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Re: HTTP Methods

From: Patrick Stickler <patrick.stickler@nokia.com>
Date: Tue, 9 Mar 2004 12:21:42 +0200
Message-Id: <8F05E70F-71B3-11D8-B899-000A95EAFCEA@nokia.com>
Cc: www-rdf-interest@w3.org, "ext Seaborne, Andy" <andy.seaborne@hp.com>
To: "ext Dirk-Willem van Gulik" <dirkx@asemantics.com>


On Mar 09, 2004, at 12:05, ext Dirk-Willem van Gulik wrote:

>
> --DS-2454287667696959386
>
>
> On Mar 9, 2004, at 10:37 AM, Patrick Stickler wrote:
>
>> URIQA imposes *no* modifications to existing HTTP clients. All 
>> enhancments are
>>
> I must be missing something fundamental. HOW does the client, who 
> needs data
> -about- the URL, i.e. the RDF, fetch that data ?

Note that the client is not asking for "data -about- the URL", but
about the resource denoted by the URI (URL).

A client has a URI, which denotes some resource. The client wants a
description of that resource. The client executes an MGET request
to the web authority of the URI, and (hopefully) gets back an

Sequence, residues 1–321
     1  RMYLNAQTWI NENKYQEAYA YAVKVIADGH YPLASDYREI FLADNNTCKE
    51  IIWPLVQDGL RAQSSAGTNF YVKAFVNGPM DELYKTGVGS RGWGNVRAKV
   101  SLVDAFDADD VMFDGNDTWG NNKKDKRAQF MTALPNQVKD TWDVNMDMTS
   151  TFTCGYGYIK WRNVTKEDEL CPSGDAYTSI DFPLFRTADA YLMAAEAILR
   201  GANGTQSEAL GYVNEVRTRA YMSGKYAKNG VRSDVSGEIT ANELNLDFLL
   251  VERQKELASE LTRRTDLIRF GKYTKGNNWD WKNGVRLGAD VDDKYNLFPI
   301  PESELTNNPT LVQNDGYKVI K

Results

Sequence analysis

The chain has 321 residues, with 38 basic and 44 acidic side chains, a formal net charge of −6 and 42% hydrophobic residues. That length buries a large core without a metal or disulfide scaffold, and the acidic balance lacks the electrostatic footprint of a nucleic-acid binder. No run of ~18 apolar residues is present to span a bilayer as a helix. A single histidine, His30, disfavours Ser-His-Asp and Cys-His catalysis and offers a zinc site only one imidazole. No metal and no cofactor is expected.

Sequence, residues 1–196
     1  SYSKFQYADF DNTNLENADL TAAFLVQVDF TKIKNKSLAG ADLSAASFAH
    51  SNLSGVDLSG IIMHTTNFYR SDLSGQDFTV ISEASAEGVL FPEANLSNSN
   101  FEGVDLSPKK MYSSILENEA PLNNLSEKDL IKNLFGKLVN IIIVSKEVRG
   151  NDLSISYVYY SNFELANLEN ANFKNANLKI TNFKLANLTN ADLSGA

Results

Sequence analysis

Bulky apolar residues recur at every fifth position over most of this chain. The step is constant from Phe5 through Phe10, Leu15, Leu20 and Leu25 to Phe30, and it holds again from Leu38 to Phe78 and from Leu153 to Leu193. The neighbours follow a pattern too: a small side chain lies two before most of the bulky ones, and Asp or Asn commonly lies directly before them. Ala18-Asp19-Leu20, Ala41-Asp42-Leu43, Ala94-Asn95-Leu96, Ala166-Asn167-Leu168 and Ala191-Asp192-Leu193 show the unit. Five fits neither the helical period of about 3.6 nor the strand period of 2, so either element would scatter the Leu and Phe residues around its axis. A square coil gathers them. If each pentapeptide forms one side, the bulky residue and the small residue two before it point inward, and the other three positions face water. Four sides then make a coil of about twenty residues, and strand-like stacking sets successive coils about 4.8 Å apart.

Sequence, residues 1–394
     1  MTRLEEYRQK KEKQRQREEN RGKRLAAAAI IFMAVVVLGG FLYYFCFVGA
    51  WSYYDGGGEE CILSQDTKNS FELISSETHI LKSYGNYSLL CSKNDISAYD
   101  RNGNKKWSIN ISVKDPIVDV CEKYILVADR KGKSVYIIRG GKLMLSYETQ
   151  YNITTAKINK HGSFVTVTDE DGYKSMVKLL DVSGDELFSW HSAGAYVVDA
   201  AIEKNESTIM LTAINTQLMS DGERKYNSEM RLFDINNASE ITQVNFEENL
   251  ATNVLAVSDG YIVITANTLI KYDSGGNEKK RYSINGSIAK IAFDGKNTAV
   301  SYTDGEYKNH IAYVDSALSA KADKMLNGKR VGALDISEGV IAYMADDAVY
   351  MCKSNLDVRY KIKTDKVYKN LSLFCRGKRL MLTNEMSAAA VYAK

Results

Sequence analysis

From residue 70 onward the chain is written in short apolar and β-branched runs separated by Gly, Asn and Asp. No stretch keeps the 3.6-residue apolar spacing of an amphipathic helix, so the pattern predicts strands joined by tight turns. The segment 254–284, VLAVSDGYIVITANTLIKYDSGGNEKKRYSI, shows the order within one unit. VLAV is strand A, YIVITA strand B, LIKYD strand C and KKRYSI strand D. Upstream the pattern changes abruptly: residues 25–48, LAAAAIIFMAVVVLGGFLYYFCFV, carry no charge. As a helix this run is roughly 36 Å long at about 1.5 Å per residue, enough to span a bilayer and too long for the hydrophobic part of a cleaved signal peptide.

authoritative description of the resource denoted by that URI.

Thus, if the client wanted a representation of the resource denoted
by a URI http://example.com/foo, it would submit a request

    GET /foo HTTP/1.1
    Host: example.com

If that client wanted a description of the resource denoted by the
URI http://example.com/foo, it would submit a request

    MGET /foo HTTP/1.1
    Host: example.com

Note that the only difference is the method used, and specifying
the request method is part of the core HTTP client architecture.

If the URI in question contained a fragment identifier (and in
general, I advise against URIrefs with fragids for denoting
resources), then one can use the URIQA-uri: header to indicate
the full URI denoting the "secondary" resource in question.

But again, specifying additional headers is part of the core
HTTP client architecture.

This, URIQA imposes *no* modifications to existing HTTP clients
(insofar as architecure, APIs, SDKs, etc are concerned).

Patrick

--

Patrick Stickler
Nokia, Finland
patrick.stickler@nokia.com
Received on Tuesday, 9 March 2004 05:22:07 UTC

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